Woods added a final birdie at 16 to increase his margin of victory. He played the treacherous back nine in 3-under 33.
'I just tried to hang in there and just give myself a lot of looks at birdies, and tried not to make a bogey on the back nine, especially (on) the last couple of holes.' Woods said.
Full-field scores from the Bay Hill Invitational

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Koepka (wrist) likely out until the Masters

By Ryan LavnerJanuary 19, 2018, 9:08 pm

Defending U.S. Open champion Brooks Koepka is expected to miss at least the next two months because of a torn tendon in his left wrist.

Koepka, who suffered a partially torn Extensor Carpi Ulnaris (ECU), is hoping to return in time for the Masters.

In a statement released by his management company, Koepka said that doctors are unsure when the injury occurred but that he first felt discomfort at the Hero World Challenge, where he finished last in the 18-man event. Playing through pain, he also finished last at the Tournament of Champions, after which he underwent a second MRI that revealed the tear.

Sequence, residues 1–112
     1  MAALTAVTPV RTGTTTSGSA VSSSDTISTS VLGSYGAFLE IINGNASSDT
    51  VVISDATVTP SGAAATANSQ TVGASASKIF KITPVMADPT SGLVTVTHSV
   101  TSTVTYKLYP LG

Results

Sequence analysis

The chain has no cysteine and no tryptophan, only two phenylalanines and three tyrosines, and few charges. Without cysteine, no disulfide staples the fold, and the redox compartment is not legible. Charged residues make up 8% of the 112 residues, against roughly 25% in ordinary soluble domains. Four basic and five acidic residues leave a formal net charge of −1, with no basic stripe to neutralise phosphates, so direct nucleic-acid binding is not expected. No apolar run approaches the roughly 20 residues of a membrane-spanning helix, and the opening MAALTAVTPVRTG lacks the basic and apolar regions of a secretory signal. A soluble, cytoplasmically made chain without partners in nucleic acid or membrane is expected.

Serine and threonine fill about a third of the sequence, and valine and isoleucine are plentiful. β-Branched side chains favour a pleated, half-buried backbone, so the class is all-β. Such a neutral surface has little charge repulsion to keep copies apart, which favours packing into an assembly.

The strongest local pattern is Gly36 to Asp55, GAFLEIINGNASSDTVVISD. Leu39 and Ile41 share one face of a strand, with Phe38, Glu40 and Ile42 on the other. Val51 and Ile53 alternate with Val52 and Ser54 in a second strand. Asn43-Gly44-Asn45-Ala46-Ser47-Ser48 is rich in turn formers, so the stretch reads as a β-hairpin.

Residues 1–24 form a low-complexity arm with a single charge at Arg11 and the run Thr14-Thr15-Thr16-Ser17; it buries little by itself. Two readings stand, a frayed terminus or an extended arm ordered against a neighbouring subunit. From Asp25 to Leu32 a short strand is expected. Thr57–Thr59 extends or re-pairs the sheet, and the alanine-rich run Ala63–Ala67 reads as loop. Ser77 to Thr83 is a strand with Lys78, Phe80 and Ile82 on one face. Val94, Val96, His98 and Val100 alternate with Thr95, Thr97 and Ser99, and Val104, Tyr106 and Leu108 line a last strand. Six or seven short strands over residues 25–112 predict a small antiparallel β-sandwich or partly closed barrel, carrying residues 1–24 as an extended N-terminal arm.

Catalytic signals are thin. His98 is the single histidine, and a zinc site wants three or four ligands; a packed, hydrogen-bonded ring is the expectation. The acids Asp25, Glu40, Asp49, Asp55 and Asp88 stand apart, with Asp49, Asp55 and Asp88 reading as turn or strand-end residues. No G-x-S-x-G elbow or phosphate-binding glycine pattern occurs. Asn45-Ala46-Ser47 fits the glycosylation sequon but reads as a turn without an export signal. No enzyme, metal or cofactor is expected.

Koepka is expected to miss the next eight to 12 weeks.

“I am frustrated that I will now not be able to play my intended schedule,” Koepka said. “But I am confident in my doctors and in the treatment they have prescribed, and I look forward to teeing it up at the Masters. … I look forward to a quick and successful recovery.”

Prior to the injury, Koepka won the Dunlop Phoenix and cracked the top 10 in the world ranking. 

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Cut Line: Color Rory unafraid of the Ryder Cup

By Rex HoggardJanuary 19, 2018, 7:09 pm

In this week’s edition, Rory McIlroy gets things rolling with some early Ryder Cup banter, Dustin Johnson changes his tune on a possible golf ball roll-back, and the PGA Tour rolls ahead with integrity training.

Made Cut

Paris or bust. Rory McIlroy, who made his 2018 debut this week on the European Tour, can be one of the game’s most affable athletes. He can also be pointed, particularly when discussing the Ryder Cup.